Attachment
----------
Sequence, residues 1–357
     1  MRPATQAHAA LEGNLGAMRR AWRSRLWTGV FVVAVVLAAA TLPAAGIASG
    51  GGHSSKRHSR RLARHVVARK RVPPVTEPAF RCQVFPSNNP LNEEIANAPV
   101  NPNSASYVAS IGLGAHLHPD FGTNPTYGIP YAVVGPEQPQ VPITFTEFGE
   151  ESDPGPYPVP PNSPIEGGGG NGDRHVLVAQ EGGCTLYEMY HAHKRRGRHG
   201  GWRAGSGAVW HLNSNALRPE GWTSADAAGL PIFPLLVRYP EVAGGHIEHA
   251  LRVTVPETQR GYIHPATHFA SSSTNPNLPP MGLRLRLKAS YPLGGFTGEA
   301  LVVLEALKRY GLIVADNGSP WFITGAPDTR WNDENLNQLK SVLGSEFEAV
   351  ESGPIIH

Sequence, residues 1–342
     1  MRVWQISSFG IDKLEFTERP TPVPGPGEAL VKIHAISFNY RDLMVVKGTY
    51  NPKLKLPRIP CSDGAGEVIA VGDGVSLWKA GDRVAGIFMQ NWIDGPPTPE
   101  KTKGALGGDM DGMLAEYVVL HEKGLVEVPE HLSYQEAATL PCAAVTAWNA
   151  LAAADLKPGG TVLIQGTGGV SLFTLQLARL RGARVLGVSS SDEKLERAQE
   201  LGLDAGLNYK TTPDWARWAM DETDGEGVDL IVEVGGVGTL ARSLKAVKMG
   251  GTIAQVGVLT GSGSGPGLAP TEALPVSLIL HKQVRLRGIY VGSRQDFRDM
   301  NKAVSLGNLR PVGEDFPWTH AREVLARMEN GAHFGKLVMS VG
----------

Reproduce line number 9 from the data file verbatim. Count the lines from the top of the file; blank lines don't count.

   351  ESGPIIH